Previous Privilege Points have described the difficulty in obtaining work product protection for post-accident investigations. The work product doctrine normally does not protect investigations mandated by internal corporate policies requiring investigations of all accidents, regardless of severity. Some courts erroneously deny protection for parallel lawyer-driven investigations undertaken only for the most serious accidents likely to result in litigation. It therefore should come as no surprise that some companies involve only lawyers in post-accident investigations.
In Cardenas v. Jerath, Case No. 07SA150, 2008 Colo. LEXIS 248 (Colo. Mar. 17, 2008), a hospital arranged for its lawyer to conduct the only investigation of an incident in which a baby suffered injuries during birth. Among other things, the lawyer interviewed the labor and delivery nurse involved in the incident. The trial court held that the work product doctrine protected the lawyer’s notes from disclosure to plaintiff. The Colorado Supreme Court reversed. After assuming that the lawyer’s notes deserved work product protection, the Supreme Court found that the plaintiff could overcome the work product protection, because (1) four years had passed since the incident, so that the nurse’s memory might have faded; and (2) “[a]dditional discovery in this case is impossible because of [the hospital’s] failure to conduct a routine factual investigation.” Id. at *25. The Supreme Court remanded to the trial court, with instructions to redact any of the lawyer’s “mental impressions, conclusions, opinions, or legal theories.” Id. at *26.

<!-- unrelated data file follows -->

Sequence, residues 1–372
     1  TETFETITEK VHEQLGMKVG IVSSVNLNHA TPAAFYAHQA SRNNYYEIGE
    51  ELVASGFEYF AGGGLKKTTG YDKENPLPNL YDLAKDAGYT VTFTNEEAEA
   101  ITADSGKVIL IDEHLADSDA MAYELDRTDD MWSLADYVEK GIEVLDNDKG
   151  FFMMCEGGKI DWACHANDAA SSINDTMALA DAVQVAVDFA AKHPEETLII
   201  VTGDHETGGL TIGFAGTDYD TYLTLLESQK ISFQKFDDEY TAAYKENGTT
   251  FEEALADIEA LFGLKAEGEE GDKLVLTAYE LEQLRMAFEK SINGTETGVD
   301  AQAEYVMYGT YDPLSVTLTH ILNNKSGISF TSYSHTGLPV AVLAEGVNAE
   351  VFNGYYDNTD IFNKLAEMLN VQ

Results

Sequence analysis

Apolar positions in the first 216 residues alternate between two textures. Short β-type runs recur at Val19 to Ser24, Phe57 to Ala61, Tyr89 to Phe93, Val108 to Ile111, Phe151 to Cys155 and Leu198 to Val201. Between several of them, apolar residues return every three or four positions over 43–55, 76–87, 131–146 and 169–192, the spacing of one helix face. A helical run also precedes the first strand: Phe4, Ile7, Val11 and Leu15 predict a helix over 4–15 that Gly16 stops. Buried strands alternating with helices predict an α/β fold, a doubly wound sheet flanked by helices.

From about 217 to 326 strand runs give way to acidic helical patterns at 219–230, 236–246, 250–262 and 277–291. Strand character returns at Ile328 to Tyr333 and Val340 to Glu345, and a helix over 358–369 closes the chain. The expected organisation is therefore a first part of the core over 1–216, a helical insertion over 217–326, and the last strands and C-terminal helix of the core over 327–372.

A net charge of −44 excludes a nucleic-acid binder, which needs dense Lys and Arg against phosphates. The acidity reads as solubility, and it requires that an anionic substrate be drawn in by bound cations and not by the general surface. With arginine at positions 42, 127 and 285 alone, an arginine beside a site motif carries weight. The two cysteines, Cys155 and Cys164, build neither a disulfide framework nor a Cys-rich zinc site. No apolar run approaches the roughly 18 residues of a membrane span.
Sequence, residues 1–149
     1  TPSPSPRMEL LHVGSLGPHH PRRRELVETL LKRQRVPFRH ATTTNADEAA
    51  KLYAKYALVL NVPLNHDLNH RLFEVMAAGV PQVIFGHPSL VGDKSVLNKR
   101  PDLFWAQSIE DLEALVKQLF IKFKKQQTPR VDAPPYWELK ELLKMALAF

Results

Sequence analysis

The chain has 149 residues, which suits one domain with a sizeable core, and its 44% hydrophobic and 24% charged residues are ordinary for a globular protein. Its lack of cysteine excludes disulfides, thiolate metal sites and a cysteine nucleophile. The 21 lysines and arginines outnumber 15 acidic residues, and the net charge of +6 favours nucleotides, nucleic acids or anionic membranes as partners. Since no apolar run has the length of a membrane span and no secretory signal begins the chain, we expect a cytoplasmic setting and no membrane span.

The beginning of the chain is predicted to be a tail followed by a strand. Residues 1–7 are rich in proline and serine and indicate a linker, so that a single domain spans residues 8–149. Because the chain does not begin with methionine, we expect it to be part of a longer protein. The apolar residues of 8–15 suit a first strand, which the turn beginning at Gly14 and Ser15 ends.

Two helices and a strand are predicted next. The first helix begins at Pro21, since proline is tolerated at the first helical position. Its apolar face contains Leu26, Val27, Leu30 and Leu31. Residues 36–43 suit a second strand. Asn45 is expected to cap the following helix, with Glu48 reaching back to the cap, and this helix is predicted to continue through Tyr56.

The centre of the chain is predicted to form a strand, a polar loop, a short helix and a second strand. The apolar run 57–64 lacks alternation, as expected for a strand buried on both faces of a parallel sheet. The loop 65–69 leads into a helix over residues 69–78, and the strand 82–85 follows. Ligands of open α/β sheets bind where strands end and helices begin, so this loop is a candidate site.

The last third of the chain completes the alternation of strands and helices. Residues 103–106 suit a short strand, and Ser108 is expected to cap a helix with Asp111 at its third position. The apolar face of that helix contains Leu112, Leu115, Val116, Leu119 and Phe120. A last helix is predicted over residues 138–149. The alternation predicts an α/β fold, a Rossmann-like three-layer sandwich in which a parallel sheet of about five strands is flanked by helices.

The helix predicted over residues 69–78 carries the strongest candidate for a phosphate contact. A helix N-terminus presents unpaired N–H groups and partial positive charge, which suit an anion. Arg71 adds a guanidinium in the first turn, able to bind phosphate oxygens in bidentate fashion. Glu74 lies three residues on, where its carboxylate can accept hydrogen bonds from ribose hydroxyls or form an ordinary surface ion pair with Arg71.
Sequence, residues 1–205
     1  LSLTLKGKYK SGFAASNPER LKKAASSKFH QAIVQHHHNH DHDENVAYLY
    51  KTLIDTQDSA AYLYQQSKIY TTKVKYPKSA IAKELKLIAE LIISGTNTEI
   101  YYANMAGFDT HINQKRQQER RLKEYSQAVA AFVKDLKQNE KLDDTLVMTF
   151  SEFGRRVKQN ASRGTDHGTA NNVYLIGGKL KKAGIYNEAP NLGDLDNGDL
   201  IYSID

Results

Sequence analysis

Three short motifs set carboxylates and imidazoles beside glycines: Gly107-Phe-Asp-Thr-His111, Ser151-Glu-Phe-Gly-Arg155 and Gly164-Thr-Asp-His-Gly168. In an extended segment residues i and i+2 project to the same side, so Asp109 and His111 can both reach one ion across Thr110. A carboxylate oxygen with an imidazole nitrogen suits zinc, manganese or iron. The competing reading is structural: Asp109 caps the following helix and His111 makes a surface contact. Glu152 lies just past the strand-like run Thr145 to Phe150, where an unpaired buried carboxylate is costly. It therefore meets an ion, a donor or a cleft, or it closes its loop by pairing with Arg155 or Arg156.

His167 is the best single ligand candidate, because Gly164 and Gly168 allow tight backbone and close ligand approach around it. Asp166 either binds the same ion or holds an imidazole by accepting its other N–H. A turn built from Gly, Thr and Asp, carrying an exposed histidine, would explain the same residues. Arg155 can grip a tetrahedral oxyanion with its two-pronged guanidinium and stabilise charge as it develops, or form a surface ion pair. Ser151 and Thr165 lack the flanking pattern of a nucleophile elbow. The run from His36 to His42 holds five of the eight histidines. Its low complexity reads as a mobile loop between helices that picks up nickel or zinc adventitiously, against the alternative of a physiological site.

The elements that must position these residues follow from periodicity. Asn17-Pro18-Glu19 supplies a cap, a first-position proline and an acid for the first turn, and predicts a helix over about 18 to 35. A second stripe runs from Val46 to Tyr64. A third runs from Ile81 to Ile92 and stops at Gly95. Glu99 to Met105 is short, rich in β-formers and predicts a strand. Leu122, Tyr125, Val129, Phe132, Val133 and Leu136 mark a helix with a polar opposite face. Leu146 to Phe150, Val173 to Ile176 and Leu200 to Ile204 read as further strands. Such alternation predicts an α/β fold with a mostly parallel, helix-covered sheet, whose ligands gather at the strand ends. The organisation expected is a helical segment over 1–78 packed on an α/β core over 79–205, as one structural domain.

Corporations cannot guarantee work product protection for post-accident investigation documents — even those prepared by lawyers. The best approach involves parallel investigations, but in some courts even that strategy will not succeed. This uncertainty highlights the importance of training investigators to accurately and objectively prepare any reports or other documents.